what’s on my kindle, part 9

Eligible by Curtis Sittenfeld. You know this author from Prep, that white book with the green and pink belt on the cover. At least, that’s how I know her. Eligible is a modern re-telling of Pride and Prejudice, which I don’t remember particularly liking when I read it in high school (or apparently not as much as I liked Prep), but I LOVED THIS BOOK. I seriously could not put it down. It’s hilarious and relatable, and makes me think I may need to go back and give Jane Austen another shot. Favorite thing I’ve read in a long time.

We Never Asked for Wings by Vanessa Diffenbaugh. This is the same author who wrote The Language of Flowers, which I really liked. I thought this one was equally good. It’s a quick, easy read, and gives a really heartbreaking but (I think) realistic portrayal of what it’s like to illegally immigrate to the US from Mexico. Maybe Trump should read it instead of sending grammatically incorrect tweets about building walls? Just a thought.

THIS SALAD. Spinoff from HowSweetEats and so so delicious.

The Girl You Lost by Kathryn Croft. This is a relatively sick and twisted thriller. If you read Pretty Girls (mentioned in this post), you would probably like this book. It’s a little Girl with the Dragon Tattoo-esq. It took me a bit to really get into it, but the last third of it I couldn’t put down.

The Nest by Cynthia D’Aprix Sweeney. I listened to this audiobook, wooed by Amy Poehler’s praise on the cover. It started out looking really promising- a dysfunctional family, four adult siblings thrown into a tailspin when they find out their huge inheritance no longer exists. It got a little boring as it went, but held my attention for the most part.

Played 18 holes few weeks ago with the GS. I kind of expected all of my high school talent to come rushing back. It didn’t.

Ripper by Isabel Allende. This started out reallyyyyy slow. But then it gets so good at the end! Kind of a thriller, mystery, Silence of the Lambs vibe toward the end. But it takes a while to get there so you’ll have to be patient. My Aunt Pat who is the reading guru really likes her books, so I’ll definitely read another one.

My all time favorite iced coffee- it’s nitrogen infused and from Compass Coffee in DC

The Hot Zone by Richard Preston. This is the true story of the discovery/outbreaks of the Ebola virus. It’s really interesting but INSANELY graphic. So if you’re somebody that covers your eyes a little bit during Grey’s Anatomy, this is not the book for you.

Furiously Happy by Jenny Lawson. I haven’t laughed this hard at a book since I read Bossypants. The day I started it, I had been telling my family about reading The Hot Zone and how intense it was. And then I finished that and started reading this, and my family was looking at me like “Hey weirdo, what’s funny about Ebola?”

Tried an Orange Theory class in IL and LOVED it. Too bad it’s stupid expensive in DC (like, $30 a class. Wah wah.)

The Girl on the Train by Paula Hawkins. Yes, I had already read this. But when I saw the movie trailer (coming in October!!) Sheila and I were discussing how we needed to read it again. She suggested that I listen to the audiobook and I’m so glad I did. It is SO well done and now I’m even more excited for the movie.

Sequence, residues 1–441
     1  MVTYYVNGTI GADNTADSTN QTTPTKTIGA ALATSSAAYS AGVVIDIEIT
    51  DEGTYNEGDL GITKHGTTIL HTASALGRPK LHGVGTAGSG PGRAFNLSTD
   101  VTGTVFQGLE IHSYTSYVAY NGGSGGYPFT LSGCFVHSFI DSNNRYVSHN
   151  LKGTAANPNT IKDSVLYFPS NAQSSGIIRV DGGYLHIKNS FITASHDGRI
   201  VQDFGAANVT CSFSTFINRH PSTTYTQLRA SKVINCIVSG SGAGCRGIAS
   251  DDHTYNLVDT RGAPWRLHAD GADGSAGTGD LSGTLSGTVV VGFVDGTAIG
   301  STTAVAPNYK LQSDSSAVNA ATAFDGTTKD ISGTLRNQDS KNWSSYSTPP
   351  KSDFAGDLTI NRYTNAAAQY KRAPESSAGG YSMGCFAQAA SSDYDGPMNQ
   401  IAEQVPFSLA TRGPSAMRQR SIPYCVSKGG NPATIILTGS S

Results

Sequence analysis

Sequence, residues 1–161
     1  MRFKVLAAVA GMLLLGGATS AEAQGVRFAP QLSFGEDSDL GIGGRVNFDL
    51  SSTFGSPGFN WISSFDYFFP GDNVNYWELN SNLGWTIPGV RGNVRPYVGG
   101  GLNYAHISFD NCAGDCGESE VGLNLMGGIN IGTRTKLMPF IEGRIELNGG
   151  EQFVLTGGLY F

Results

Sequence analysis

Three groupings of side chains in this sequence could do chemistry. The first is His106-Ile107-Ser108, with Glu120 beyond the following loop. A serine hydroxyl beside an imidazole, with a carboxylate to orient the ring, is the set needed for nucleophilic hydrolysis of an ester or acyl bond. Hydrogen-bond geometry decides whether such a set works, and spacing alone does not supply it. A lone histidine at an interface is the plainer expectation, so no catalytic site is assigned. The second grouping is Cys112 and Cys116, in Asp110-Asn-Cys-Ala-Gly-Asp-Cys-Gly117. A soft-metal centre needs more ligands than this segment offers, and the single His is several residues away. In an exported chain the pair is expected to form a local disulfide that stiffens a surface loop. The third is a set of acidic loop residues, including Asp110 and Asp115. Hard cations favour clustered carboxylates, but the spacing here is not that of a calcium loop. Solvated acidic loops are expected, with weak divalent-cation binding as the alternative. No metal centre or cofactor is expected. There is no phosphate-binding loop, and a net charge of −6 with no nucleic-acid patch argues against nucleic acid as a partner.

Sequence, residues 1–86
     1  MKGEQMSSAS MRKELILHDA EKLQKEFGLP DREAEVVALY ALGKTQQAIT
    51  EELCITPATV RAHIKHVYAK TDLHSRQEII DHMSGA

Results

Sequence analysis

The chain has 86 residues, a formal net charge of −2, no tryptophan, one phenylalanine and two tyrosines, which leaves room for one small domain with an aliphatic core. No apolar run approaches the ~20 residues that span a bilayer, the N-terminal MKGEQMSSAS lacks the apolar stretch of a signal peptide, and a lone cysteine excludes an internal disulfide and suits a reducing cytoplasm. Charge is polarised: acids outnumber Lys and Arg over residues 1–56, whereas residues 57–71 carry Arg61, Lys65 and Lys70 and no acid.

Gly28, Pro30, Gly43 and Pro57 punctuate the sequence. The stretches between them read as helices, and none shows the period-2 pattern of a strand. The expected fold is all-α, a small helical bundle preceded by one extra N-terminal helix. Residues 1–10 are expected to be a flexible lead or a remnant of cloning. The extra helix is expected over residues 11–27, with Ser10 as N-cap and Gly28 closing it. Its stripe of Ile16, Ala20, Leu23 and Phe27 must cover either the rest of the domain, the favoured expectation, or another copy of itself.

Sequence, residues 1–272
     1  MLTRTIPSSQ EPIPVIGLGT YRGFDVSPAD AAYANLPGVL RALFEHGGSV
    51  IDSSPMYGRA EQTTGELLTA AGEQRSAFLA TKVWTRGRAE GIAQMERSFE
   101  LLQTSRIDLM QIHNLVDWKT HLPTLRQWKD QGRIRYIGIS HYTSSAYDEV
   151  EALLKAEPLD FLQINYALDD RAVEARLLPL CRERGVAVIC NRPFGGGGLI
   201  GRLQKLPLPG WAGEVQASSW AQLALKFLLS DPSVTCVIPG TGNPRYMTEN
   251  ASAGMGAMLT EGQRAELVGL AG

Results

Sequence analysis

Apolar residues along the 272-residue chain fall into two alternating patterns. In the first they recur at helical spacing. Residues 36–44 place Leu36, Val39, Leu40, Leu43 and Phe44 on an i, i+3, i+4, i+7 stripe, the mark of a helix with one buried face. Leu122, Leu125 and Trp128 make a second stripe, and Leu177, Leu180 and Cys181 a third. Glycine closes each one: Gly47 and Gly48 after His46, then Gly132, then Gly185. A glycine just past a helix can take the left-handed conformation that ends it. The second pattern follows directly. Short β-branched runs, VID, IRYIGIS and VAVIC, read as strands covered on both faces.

The Nightingale by Kristin Hannah. I was a Kristin hater for a little while because I read one of her books in college and found it to be so unbelievably corny that I couldn’t stomach the idea of another one. BUT after a glowing review of this book from my friend Maura who I trust would have also hated the epic tale of friendship with a 65 page death scene, I decided to give the author another shot. And this was really really great. It’s about two sisters living in France during WWII and I loved it. You’ve redeemed yourself, Ms. Hannah.

The “Southern Charcuterie” at Mulebone in DC.

The Heavy by Dara-Lynn Weiss. If you’re a Vogue reader (I’m not) you may know about this story of a woman who put her 7-year-old on a diet. I didn’t necessarily agree with her method for said diet or with all of her views on weight loss (she doesn’t believe in exercise- be still my heart), but I couldn’t put it down. I think she’s a good writer and the only exception to that was the “quotes” by her daughter, which no 7-year-old could realistically articulate. But other than that, worth reading.

What She Knew by Gilly MacMillan. This audiobook kept me company during a recent trip to West Virginia. It was just okay. It’s about a child abduction and is told from the perspective of the mother and from the chief investigator. I would say it was predictable, but I wanted it to have a few more twists and turns. Like The Good Girl!

Amazing movie theater in DC. Craft beer, recliners, and no other patrons? Sold. We saw The Big Short– loved it.

Hopefully this kicks off your summer reading! You can always search “kindle” in the search bar to look at the first 8 Kindle posts!

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